2.8 years ago by
Cambridge, United Kingdom
I think you're worrying too much about this. With any filtering strategy, you'll find boundary cases where the gene is just filtered out. As long as the CPM threshold is low, these boundary cases should only occur at low-abundance genes (which are the ones we're trying to remove in the first place). So it shouldn't matter too much whether they're left in or out. The key is to remove the bulk of low-abundance genes to avoid funny-looking trends in the NB (or QL) dispersions due to strange GLM behaviour at low, discrete counts. If you do that, you'll be fine.
In my analyses, I prefer to use an average log-CPM threshold, i.e., by removing genes where the
aveLogCPM value falls below a certain minimum threshold (usually around 0 or 1, depending on the sequencing depth). This is blind to the experimental design and means that I don't have to change my pipelines for different designs. It also has some nice statistical properties, being roughly independent of the p-value, whereas the "at least X" filtering strategy is not. This ensures that filtering doesn't bias the DE statistics, e.g., by selecting genes that are more likely to be false positives.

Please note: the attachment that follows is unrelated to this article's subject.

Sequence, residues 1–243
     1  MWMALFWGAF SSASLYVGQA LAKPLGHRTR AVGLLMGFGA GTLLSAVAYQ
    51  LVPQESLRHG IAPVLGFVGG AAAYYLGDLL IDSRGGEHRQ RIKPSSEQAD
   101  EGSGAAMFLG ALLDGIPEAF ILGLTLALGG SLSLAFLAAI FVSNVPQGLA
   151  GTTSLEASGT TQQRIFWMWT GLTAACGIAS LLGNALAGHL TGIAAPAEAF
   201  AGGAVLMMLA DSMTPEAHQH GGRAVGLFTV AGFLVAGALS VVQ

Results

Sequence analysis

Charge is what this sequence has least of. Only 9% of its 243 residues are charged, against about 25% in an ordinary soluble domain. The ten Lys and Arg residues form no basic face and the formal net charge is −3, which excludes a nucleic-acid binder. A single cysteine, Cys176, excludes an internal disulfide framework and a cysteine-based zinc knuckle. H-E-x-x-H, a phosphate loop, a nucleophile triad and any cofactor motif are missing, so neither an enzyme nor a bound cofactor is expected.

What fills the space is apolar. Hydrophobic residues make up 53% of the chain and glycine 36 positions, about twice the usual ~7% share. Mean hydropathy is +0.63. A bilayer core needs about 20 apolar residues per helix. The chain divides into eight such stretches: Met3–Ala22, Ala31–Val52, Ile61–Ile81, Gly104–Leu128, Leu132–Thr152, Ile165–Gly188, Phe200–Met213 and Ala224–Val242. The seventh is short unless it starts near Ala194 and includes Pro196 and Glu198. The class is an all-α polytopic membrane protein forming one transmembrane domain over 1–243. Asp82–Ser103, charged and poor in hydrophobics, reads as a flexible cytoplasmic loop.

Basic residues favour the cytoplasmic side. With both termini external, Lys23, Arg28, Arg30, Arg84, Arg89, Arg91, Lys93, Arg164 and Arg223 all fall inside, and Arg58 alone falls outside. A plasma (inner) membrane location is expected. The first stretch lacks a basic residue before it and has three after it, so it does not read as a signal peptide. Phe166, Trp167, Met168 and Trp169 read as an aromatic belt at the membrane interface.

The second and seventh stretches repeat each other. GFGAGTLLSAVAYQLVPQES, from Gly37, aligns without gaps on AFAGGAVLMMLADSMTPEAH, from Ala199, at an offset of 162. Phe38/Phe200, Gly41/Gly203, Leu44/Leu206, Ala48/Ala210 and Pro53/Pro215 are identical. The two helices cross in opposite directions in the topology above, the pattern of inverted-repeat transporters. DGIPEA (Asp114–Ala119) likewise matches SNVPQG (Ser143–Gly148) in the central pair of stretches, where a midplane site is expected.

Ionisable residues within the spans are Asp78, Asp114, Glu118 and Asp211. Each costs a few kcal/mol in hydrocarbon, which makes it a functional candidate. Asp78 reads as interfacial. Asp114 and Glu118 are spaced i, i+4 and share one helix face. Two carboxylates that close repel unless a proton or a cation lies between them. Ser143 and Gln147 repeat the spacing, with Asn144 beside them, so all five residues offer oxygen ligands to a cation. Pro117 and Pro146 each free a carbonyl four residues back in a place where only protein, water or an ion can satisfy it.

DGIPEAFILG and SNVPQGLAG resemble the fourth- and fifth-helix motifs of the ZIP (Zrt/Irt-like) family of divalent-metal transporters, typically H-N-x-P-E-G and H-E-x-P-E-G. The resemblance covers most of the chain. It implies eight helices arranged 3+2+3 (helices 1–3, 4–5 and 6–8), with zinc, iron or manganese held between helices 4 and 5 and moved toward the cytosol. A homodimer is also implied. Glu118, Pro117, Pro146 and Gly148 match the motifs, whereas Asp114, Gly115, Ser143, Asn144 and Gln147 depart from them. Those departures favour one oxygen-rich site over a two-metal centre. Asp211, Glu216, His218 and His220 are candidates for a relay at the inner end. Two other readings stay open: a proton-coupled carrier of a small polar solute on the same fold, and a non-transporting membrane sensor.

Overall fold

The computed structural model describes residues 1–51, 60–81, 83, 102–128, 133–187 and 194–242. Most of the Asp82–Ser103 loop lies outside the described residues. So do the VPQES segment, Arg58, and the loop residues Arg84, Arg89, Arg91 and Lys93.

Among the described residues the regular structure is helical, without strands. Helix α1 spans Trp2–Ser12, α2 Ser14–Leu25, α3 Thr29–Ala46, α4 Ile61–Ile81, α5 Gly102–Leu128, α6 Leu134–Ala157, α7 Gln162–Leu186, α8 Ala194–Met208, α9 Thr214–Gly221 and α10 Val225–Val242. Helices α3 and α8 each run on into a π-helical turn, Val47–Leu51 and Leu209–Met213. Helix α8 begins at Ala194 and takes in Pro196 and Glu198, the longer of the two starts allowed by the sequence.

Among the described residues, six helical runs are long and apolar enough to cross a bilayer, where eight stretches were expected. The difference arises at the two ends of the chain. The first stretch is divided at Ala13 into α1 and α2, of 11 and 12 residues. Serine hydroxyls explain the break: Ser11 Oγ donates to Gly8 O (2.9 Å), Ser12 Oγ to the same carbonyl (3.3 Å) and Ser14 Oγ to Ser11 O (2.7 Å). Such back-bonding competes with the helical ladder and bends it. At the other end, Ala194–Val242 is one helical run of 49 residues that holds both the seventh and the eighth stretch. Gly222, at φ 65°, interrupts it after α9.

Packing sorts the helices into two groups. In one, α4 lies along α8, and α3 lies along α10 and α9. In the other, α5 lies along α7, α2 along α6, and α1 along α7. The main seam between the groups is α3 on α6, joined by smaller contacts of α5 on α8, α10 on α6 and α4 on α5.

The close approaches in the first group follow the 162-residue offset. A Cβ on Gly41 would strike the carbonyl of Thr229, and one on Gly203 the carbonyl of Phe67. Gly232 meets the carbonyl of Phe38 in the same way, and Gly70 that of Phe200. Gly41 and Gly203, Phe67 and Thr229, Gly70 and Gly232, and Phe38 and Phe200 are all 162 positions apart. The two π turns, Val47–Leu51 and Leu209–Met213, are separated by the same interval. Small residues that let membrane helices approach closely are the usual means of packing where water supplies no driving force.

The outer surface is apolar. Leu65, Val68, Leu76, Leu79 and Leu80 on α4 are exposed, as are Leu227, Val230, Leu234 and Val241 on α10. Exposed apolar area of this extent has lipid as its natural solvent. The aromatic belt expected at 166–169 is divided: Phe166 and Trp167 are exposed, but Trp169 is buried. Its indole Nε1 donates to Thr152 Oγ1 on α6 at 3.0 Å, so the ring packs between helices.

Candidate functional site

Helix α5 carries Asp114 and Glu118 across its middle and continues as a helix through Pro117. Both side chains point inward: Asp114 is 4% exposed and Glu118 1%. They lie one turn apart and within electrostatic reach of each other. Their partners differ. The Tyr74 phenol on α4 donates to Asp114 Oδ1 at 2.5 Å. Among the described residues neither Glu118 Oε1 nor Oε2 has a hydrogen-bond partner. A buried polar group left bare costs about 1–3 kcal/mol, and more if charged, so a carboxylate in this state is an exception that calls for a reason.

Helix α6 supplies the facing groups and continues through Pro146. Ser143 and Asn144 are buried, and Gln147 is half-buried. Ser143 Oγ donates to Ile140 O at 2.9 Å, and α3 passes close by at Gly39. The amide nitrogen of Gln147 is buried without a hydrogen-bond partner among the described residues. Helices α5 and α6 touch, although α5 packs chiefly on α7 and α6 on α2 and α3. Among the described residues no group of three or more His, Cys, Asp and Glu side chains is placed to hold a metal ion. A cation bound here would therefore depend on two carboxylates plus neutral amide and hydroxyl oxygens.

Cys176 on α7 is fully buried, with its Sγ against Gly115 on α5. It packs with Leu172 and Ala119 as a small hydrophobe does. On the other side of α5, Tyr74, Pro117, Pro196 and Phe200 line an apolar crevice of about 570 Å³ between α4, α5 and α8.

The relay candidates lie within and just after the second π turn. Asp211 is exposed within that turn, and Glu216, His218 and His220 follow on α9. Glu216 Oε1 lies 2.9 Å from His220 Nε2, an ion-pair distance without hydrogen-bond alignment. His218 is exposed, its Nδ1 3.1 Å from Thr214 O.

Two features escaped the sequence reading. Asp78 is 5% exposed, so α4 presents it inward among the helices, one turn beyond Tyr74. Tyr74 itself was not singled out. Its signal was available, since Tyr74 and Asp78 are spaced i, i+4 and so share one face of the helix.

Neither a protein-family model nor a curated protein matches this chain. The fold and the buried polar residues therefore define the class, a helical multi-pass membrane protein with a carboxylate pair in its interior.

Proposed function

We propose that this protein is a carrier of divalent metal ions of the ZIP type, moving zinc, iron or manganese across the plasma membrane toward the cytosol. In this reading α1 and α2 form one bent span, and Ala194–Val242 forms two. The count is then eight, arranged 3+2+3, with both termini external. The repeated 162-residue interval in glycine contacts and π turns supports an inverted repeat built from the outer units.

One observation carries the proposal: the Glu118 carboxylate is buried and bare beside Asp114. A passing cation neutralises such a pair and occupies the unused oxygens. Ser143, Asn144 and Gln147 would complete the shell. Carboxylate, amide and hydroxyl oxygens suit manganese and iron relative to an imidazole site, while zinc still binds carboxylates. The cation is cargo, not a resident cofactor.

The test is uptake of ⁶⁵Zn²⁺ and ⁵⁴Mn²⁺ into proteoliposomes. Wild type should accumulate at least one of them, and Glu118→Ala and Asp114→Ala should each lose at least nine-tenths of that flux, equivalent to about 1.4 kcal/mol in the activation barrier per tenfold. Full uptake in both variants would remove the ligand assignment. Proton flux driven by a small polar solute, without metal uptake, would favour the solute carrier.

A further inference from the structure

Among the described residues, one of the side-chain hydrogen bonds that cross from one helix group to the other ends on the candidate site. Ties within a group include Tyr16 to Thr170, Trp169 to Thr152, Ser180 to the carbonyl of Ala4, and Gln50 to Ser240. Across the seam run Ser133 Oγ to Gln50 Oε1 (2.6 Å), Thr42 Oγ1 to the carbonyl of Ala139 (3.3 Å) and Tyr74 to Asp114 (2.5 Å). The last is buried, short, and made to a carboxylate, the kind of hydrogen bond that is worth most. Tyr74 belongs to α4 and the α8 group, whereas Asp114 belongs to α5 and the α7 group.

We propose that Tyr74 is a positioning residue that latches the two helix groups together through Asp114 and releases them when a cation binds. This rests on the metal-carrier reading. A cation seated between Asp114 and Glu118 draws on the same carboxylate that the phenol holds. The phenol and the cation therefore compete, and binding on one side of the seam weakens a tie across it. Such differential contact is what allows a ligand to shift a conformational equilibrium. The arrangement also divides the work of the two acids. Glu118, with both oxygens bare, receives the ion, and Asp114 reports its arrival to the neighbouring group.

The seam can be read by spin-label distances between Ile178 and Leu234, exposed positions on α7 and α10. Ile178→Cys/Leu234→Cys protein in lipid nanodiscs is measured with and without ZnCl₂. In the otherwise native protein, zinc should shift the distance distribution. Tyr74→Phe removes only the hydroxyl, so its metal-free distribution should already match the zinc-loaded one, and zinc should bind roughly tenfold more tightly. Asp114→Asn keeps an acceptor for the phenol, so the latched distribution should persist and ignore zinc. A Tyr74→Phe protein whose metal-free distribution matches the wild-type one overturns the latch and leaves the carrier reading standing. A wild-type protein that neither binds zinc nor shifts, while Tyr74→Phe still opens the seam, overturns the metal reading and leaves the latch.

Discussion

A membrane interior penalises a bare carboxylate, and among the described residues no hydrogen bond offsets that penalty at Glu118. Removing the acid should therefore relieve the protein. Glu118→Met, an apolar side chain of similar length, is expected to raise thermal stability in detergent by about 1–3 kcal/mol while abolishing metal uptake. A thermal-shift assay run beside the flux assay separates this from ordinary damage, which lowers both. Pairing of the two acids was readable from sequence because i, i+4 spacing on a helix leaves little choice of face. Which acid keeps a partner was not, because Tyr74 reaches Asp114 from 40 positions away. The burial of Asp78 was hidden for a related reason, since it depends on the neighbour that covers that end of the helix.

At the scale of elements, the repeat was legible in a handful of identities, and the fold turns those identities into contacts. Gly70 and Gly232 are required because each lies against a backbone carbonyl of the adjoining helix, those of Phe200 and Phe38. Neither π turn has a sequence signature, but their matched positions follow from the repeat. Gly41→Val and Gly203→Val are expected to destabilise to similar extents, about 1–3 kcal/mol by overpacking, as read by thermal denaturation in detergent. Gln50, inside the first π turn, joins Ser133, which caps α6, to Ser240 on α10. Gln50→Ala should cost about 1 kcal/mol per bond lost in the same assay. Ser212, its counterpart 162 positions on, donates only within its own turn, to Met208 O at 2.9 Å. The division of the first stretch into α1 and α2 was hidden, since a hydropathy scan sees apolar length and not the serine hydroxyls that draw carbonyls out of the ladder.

In your case, as long as a subset of samples express the gene, it has a chance to be retained by the average log-CPM filter. Of course, if you have fewer samples, you'll need more expression in each of them to pass the average threshold. Note that this strategy has a tendency to include outliers when your data is noisy. This is because one or two strong samples with strong outlier expression will bump up the average. I usually rely on the robustness algorithms in
glmQLFit and the like to protect against this in the final results.
modified 2.8 years ago
2.8 years ago by
Aaron Lun • 21k